Newspaper Archive of
The Billings County Pioneer
Beach, North Dakota
September 6, 1945     The Billings County Pioneer
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September 6, 1945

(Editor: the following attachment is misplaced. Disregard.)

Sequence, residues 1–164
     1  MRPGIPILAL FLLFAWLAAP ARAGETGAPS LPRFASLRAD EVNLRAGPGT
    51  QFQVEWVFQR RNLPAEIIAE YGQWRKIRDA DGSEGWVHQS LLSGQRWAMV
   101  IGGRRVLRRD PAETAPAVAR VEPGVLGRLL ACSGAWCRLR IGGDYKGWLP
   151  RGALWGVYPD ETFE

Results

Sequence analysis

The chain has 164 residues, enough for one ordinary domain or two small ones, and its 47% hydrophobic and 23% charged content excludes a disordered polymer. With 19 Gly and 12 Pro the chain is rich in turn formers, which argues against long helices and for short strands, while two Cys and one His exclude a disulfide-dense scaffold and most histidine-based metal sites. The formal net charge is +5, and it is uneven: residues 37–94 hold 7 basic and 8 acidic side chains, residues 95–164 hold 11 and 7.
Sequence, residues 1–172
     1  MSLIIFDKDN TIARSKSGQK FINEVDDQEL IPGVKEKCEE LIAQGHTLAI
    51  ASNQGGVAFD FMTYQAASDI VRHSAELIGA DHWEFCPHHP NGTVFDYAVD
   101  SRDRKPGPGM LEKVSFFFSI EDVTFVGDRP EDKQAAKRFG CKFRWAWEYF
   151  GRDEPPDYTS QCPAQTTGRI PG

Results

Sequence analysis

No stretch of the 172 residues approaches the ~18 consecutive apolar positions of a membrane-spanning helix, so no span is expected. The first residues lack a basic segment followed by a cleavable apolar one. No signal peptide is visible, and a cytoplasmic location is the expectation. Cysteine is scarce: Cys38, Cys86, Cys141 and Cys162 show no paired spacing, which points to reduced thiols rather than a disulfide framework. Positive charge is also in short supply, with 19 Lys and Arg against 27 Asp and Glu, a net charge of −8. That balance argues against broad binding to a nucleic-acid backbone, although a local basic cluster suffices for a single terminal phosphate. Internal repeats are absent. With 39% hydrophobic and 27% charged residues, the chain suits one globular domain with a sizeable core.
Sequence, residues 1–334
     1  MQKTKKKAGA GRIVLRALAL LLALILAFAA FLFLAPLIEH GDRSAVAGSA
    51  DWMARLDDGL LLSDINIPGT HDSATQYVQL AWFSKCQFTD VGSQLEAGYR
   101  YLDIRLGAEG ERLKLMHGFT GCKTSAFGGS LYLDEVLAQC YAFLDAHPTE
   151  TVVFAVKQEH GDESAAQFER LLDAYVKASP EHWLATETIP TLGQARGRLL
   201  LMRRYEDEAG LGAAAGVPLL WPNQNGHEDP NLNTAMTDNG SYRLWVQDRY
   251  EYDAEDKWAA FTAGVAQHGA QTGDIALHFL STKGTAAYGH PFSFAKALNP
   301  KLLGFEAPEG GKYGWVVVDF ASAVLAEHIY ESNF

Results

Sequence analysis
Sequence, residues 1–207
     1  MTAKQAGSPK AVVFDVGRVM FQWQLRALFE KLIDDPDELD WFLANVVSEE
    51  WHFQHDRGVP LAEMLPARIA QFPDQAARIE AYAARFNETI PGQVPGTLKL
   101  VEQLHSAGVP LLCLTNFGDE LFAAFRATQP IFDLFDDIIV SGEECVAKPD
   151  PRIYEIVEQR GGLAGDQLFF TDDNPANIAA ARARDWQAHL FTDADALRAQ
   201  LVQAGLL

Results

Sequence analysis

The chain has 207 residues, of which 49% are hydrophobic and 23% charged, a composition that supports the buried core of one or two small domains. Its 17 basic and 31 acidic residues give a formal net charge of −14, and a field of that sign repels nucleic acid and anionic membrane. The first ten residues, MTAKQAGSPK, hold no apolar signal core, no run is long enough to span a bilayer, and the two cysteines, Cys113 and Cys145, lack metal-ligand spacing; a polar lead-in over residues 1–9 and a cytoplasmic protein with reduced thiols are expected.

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% PAGE EIGHT THE BILLINGS COUNTY PIONEER THURSDAY, SEPTEMBER 6, 1945 Ralph Hecker And Mary Holler Wed At a ceremony performed by F~ther RoeSaler a,t St. Bernard's Catholic Church, Monday morning ~t 9:00 o'clock, Mary Relvina Holler. deug~hLer of Mr. end Mrs. C B. Holler of Grassy Btrr~te. and Ralph Hocker, Coxswain i:, the 8eabees, son of Mr. and .Mrs.Leonard t Hecke~. Belfleld, vere united in i l nmrriage. They were attended by Eli~abet~ He0ker and Louie Hecker, sister and brother of t~he bridegroom. The ceremony was followed by a nul~al h~gh ,Mass. Their Irlends were en- ~eretsdned a~ a dance at the Me~n- offal hall in Beifield l~he same eve- ning. School Notes The Fryburg SchOol District ha~ posted notices Ior a Special Election ~o be ,held a~ the Fryburg Town Hall, September 15. Polls open from 2:00 p. m until 5:00 p. m for ~he purpose of increasing their levy from 22 re,ilia to 31.2 mills in order ~o m~in,~ain a High School for the coming year. The budgetary needs ~or the next year amount to $16285.00 and only $1145325 could be levied with ~he full amoun~ of 22 mills on ~he 75~/~ valuation. We hope ~he p~tron~ realize t~e im- portance of ,this election and get ou~ ~o vo~e on that day if ~hey wish m h,ave school, especially for ,~'heir HiSh ~hool pupils. We are still short of several eeaohers and any one who is certi- fk~ted to teach and can do so is by all means urged to contact ~he ~lloWing districts: Green PAver, Spring Creek, Fryburg, Indian Springs or ~he C~unty Superintend- en at Modern. 2~he correspondence work will again be avail~ble to all ~o wish to take High School w~ork by this means a~ the rural schools or any other school in ~e State, by permission adults rrmy take the ~ork at h~me if they ~destgnate a supervisor for the work. I. M. Englehara~on called ~t e0he office on school business ,Monday. I He ~,vas accomPanied by little P~lltp I I-L~vn~k who always enjoys his I usual pop and ice cream while in Med~ra. ] M. BROWN Friends of Mrs, Gee. Pascznluk, Handwriting on the World Drawn for the Nat:onal War Yu~d---Bruee Russell. Los Anoe~s Time National War Chest Fund Still Needed Says Brandes 1946 Food Needs Will Equal 1945 While urging a'~arrners %0 go through with production schedules planned for ,this year. Secretary of Agrtoulture Clir~ton P. A~derson ad- vises th~vt t~e need ~or food v~ll cor~tlnue .to be grebe new year. ".ProduVt~on in hhn'ope can not improve the s~tu~t2on there until harvesttime ne~t yeaL' he re- po~ts. Ol~anges in the pa~tern of farm produotlon .w~ll, of course, be necessary in the adj,ustment from wartime to peacetime demand. These t~aanges w~ll be reflected in the needs whlc~ we are reviewing now as a basis for 1946 produotion ,Bismarck, N. D. (Special)--~North Dakota boys serving in armies of occupation and others caught in dr~b routine duties in cleaning up ,the dirty aftermath of war need Natdonal War Fund services more t~an e~er. Those lying in hospitals recover- ing from battle wounds and those still held in the mesh of war await- ~g the time when they can be released from service duties have more time o brood in lonely out- posts now than when they faced the enemy. That's why Dr. H. A. Brandes Prealden% of ~he North Dakota War Chest, says t~e forthcoming N~tion- al War Fund drive is the most im- portant since the War Chest was inaugurated A generous response to requests ,for War. Chest donations, Dr. TEENTIMER -- Jivin', jumpin' songstress Elleen Barton sings to her teentimer fans on the new NBC "Teentimers Canteen" series, Boy Scouts Load Car Waste Paper ~e Medora Boy Scou,ts shipped a carload of salvage paper which they have been collecting during the ~ast four mor~ths. The car was loaded Monday evening of last week and con,tained approximately 10 tons of pulp paper in addition to a large amoun of ordinary scr~p paper. This will be the last ~ipmer~t to be made here since the program closes Sept. 30, accord- ing to faust advice. The paper was loaded by Paul Alan Lobe, Jimmy Grand Pre, Mel lW ~N~on, Joan ,Lobe; Arlene Pay and Allen An- demon, and the truck for hauling was done'ted by good friends. WOOL PRICES SAME Prices received by farmers for remain ~bout at the S~ow, will be grieved to learn th~ goals." she is again a patient a~ the St. On ghe price fron~, he advises J~seph's Hos~pi, tal and submi~ted to farmers theft "there is a need for an opera lon on Tuesday morning, every bit of ~od they ~re produc- We all hope for her speedy re- lng and ~ t~ere will be plenary eovery. ~V~r. and ~Vlrs. Ole Olsen and aanily were guests at t~ae Joe Fritz ~me several days last week. They were enroute from Nev~la to Pargo. Mrs. Olsen is a niece of Mr. F~tz. They also v~stted ~t ,the Ed 'Scr- ag and Vernon Fritz homes. The wheat harvest around Bel- field is ~0bout campleted .and many of ~he combine crews are leaving. ~he yield in most p~l~ces is be~r than anticipeCed. Fred Armbrust, of the U. s. Army, is visiting at the home of his paten,is, ,Mr. and Mrs. Casper Arn~r1~t. ~unday guests ~t the J~k O~rien home, Fairfield, were Mr. and M~. Anton Indergaard and Mrs. Emil Savageau of Beifield. l~pair work on the St. JOhn's Ukraaalan Church in Belfleld is progressing n~lcely ~ John Kmlsid of Fairfield, as carpenter. J,ames Fritz, U. $. Navy, left Tuesday .to return to his base at Se~ttae, after spending his furlough with the home folks. Mr. and Mrs. Jack Schafer, ford met Belfleld residents, but now re- siding in Oalifvrnia are spending a ~ew days with old friends. They of denmnd here and abroad for food ~t good prices. In ex- ce~ional cases, where supplies ,tevn- porarl~y exceed d~nd the Depar~- mer~ of Agricul'ture w~ll buy as much as necessary to make good on suppor~ promises Wherever they have been made." Fewer Tires During September Says OPA ~ere is only one tire for every 14 passenger cam in ~e Septem~r tire q~om received by the Fargo OPA office, end only one tire for every 15 truc~, ~x~ording to Sher- ley M. Walker, distri~ rationing of fleer. Mr. and Mrs. Wilbur Annear re- turned from a very pleasa~t visi w~;~h Mr. Am:ear's mo0he and step- dad Mr. and Mrs. J ODe, Couer d'Alene, Ida'ho. Mrs. WMlace Haniuk arrived from the Rachestcr hospital Friday. She is convalescing very encourag- ingly from her recer~t opera~tions. Her daughter. Mrs. Paul Carter, Chicago, spen~ ten days With her ~t the hospi~l. Mr. and Mrs. John R~scho and two sons. Miles O~ty, Merit arrived Friday for a six-day visit in bhe parental, W. Osadohuk, home. Ray I-Ia,~ley, Pete Nor~rop. and John Egly are shppng out a carload of beef cabtle from Belfield Tues- day. .Dorothy Fritz~vcompanled Elean- or J~hnson on her mail trip ~o .the rlver last Monday. Earl and LeRoy Potemon returned .to Dickinson last Friday a~ter a summer wx~tion at ~heir aunt. Mrs. John I~gly's. W:rmn Pesheck and, Fern, were Dickinson visitors on Thursday and Friday. Mr. Pesheck brought ot~t a new Farma, ll from Belfield. Enroute home Miss Fern called at Vi0toria Johnson's. Ba:be l~ly went to Belfield last week to assist ~t the McAdams Drug. IA~htning struck and se~ fire in the W~llace Haniuk w.he~t field, near Cro~ham, .last Thursday eve- ning. Mr. Baranko and the Iffaniuks fought the fire and managed to ge~ it out jus~ before the rain. ~I.r. and Mrs. R'ay H~tley and Eleanor Johnson were Belfleld vis- Rors S~turday. tMx. Krivoru(~hka and Mike Osad- chuk and family spen~ Sunday in the W. Osadchuk home. Mr. and Mrs. Paddy Osadchuk and Leering and Victoria Johnson were a4Rer= noon callers. John Baranko accomlmnied Mrs. Paul C~rter and small son to M~iles wool will Oity Sunday Where the little .lad will stay wl~h his grand pare~s and at~nd school. Mrs. C~rter re- turned and will assist at the Bar- anko Grocery until her huslmnd, pharmacist, returr~ from' over- seas. Mr. and Mrs. Prank Rodakowski, Belfield, were visitors, Sunday, at W:~Uace H.aniuk and John l~tranko homes. No i~one service at C~orham since he eleotrioal storm l~iday Li~t- oing ril~ed three telephone pales :,we miles sot~th of Gotham. Ehnen Voster spen, t Sunday a~ ~he Bertram Johnson home. Paul Dutchuk will teach in ~he Brandes says, is one way of show- Pioneer DistriCt. Notice of school lng the men in the service that penlng w~ll be announced later al~ough they may now be out of the headllnes--~t~ey're not ou~ of our hearts. The drive opens October 1st and will continue until North Dakota's quota of $345,000 is reached. Dr. Brandes also called a~ter~Ion to the fact that people in l~berated rmtions are more in need of relief today than ~t any time since the war started. And more people are now avall~0ble for relie~ since all previously Axis occupied countries are now under Allied flags. The additional burdens thrust upon the N~tional War Fund by ~the end of the war, Dr. Brandes said. is a challenge to every North Dakotan who h~ prospered during a cor~lict ~q'deh h~s brought so muvh ndsery in other sections of Gilbert Widaner of Bozeman, Mont spent the week end a~ ~ae O. F. Ttalkin~ton home. Ruby Strand and Marjorie Kron- schnabel were shopping in Blmuarck Wednesday and Thursday. ~VIr. and Mrs. Fred Finch, P~bert and Eleanor Anne of Terry, Merit were guests at the Verne King home on Sunday. A picnic supper was served in the camping grounds at Peaceful V~alley. Mr. and Mrs. Geesaman visited ~t the O.F Ttalkington home Sunday evening. The Kelso Construction Company of Medea built a dam for Paul Loffelmacher ~ week. 'Mrs. Russel Logan, Terry and the world. are enrou~e to iVlandan to visit ~r. estlm~%es a backlog of 10,000 appH- weeds, suggests NOAC Experiment Sch~er's mot~er, cations. Station. The ~epte~r~r quota for paes- BURLAP BAG SITUATION EASED Bonnie, left for Y~tklnm, Wash enger tires is 14609 or 4685 fewer where they will make an extended passenger t~res ~nan received so More burlap bags are on the ~ay visit. ~ar this month. There will be for po~toes, feed and other farm Pv~. Charles Luptak is spending 3495 sm~ll truck tires to ration in comm~odlties as the result of an ad- September or 118~ less than re- ditlonal alloca~ion of 50 million a furlough with his Wife and son, eelved in August. 2R*e distriot re- yards by "the W~B, the AAA ad- Dtmne. He has been busy harvest- 0eived 827 large truck tires for Sop- vises, ing his crop. Wen. O'Connell, Verne King, and robber, an increase of four tires. RYE CONTROLS WILD OATS Russell T~2kin~ton are ptfff~Ing up W~lker said ~he district office re- hay. eeives a earl on %he average of A ~ stand of rye can aid The 1945 Wheat crop has been 15 minmtes each day, from a km, al greatly In controlling wild oats, combined and various yields l~ve board ~ a cite applicant, and he mustard and mar~y ol~aer annual been reported---the average abou~ MacArthur Signs for United Nations In Solemn Ceremony Aboard USS Missouri Aboard the superdreadnaught, IYSS Missouri, anchored in Tokyo ~Bay, Japanese officials inscribed their signatures on t~e "articles of surrender" Sunday morning (Saturday nigh~, U. S. time) thus ending almost four years of ~ar in the Pacific for the United States and Gre~t Britain. From Vhe flag bedecked veranda of the rnlg~hty Mk~souri, nearly 100 hig~ ranking military and naval officers watched as Foreign Min- ister Mamoru, ac~ing on behalf of Emperor Hirohlto and Gen. Yoshijiro Ume~h, represent- ing the imperial mil~tary staff of Japan, a,bt~ched their signatures to the surrender terms which end- ed Japan's dream of a world em- pire, built on tyranny and op- pression. Following the signing of J~panese officials, came Gen. Mac- Ar~ur, in his most glorious m~ menL eccepting on behalf of ~he Allies. A~ter the formal signing MaoArthur declared: "It Is my earnest hope and indeed tht hope of all mankind that from this solemn occasion a better world shall emerge out of the blood and carnage of the l~t." All Allied Nations Sign During the dram~ie h~lf-hcur solemn ceremony officials of the Afl~d nations stepped fol~vard, one by one, 'to sign ~he document. First was Adm. Nimitz for the United States. then the representa- t "Hero of Corregidor" Present ~t. General Jonathan M. Wain- wr~ht, hero of Corregidor, and ~.t. Gem A. E. Percival, British de- ~ender of Singapore when it overrun 'by the Japanese, were presented the surrender pens when the ~ast ~ignature had been affixed. Sund~y Proclaimed V-J Day President Truman in prochiming S~nday V-J day, stated that from t~l~ day the n~tion will move for- ward "toward a new era of secur- ity at home ' and world peace, ~ives of Ohina. the United Kingdom, good ~ and cooperation." "A (Russia, Australia, Canada, France, Sree people ~ith ~ree Allies," he said, "who can develop an atomic Netherlands and New Zealand. l,bomb, Dan use the same energy ,lnstlee and Tolerance and skill and debermination o overcome all the difficulties ahead." V-J Day Quiet Here Announcement of V-J Day came here with very little emotional re- aotlon as pre-V-J day was celebrat- ed with ~e announcement, Wed- nesd~y, August 15, that the war was over--4/mt the Japanese had accepted the "unconditional sur- render" terms of the Potsdam ultimattml. 20 bushels. Threahlng will begin in the near future. ~Mrs. Marvin Ingrnan en~erta~- ed the St~xh and Cha~ter C~u~ Tuesday afternoon. Nine men, hers were present and the guests were Mrs. Emil Strand and d~ugh~er, Ruby. Mrs. Beret Otson had her name added to the mmr~bership list. Mrs. Russell Talking on won the h~tess gift. Delicious refresh- ments were served at the close of the aSternoon. Mr. and Mrs. Ray Coulson of Buffalo, W}O are announcing the ~rfl~ of a son on August gO. Mr. Coulson is a brother of Mrs. Don Cheadle and al~ended school here When a boy. A.t prese~ he Is man- ager of the Penny store in Bud- falv. (Mrs, Francis Jm~be~ and three daughters of Thevmop~hylis, Wyo is making an e~tended visit here and at Beifield. Her fa/dher, Mr. LeDoux is recovering from a recent opera,ion. Eleanor Anne Pinch, a house guest at the Verne King home, re~urn to Terry, Mont on Wed- nesday. ~VIr. and Mrs. Dan Oheadle h~ve pure'nosed Fne Coffee Shop at Belfleld and as t~aey have been an- able to find a sult~le house, are driving l~ck and forth. The child- ren wl~ attend school in Beifield. " % ?RAWLER TRACTORS RELEASED All restrictions on the sale af cra~ler tractors have been removed and an}one who can flnd a tractor can buy one, the ~ reports. present level through June 1946 a~cording to word received at A~A Wheat Program Assures Parity Through a Government purchase program, wheat producers who put their 1945 crop under loan are assured July l, 1945 parity returns from their whea,less carrying oh, argos on the loan. The purchase price will be the applicable loan value plus 15 cer~s per bushel. The Wheat loan r~te in B~lings coun, ty on No. 1 DNS is 1.334 per bushel. The 1945 loan averages $1.38 a bushel n,a~onally or 90 per cer~t of the July 1 panty of $1.53 per bushel. T~e producer who de- livers farm-stored wheat to the Governmer~t on or after Arpril 1 in a~oordance with instructions ~ill be paid the difference between the purchase price and the unpaid amount of ehe note plus interest to the date of delivery. No storage payment wilt be made on Whea~ th,a~ is purchased. On unredeemed ware~aouse-stored wheat, the pro- ducer will be paid the difference between the purchase price and the unpaid amour~t of the note plus in'terest through Vhe date of pur- chase' and the amount of accured unpaid warehouse charges through the storage year. The purchase d~e will be May 1. The purchase price under the program will not be more than the ceiling price. STRIP CROPPING PAYS HELP SAVE TIN--STEP ON IT I Oo~our strip cropping laid out last year by Joe Palczewski, Bow- man county farmer, has reduced water run-off and benefited crops. The contour strips hold back water on sloping ]and, allowing it to soak into the soil. W. J. RAY A~/orneF-at-Law PRACTICE IN ALL COURTS Medora, N. Dak. Beach, North Dakota FIIEE TONE ELBERTA$ STAND" $1 69 CRATE FRESH WASHINGTON ITALIAN JUICY CALIFORNIA VALENCiAS DOZ. Wash. Pre-Cooled 20 LB. Extra Fancy& Fancy LUG CALIFORNIA GIRDLED SEEDLESS 2 LBS. STANDARD ~0-OZ. ' NO. 4 SIEVE CAN MOTT'S FINE QUALITY DOZ. KERR MASON--USE WITH SCREw TOP 18-OZ. PKGS. FRE-SH CRISP DELICIOUS BREAKFAST CEREAL JUG, AN ECONOMICAL BLEACH AND DISINFECTANT F~ LIVE RUBBER RINGS headquarters. "As Supreme COmmander of the Allied powers," MacArthur told the Japanese, "I announce ~t is my firm purpose in the tradition of the countries I represent ~o pro- ceed in the discharge of m~, re- spormibflitles ~rltla Justice and tol. erance, w~fle taking all necessary dispositions to Insure that the ~erms of surrender are ~lly, pron~tly and fairy eo~plied with." POWDERED PECTIN PURE 45 GRAIN CIDER IN BULK TOILET SOAP 2 BATH CARES 19' TOWN FOLKS HELP HAR- VEST CROPS PKGS. 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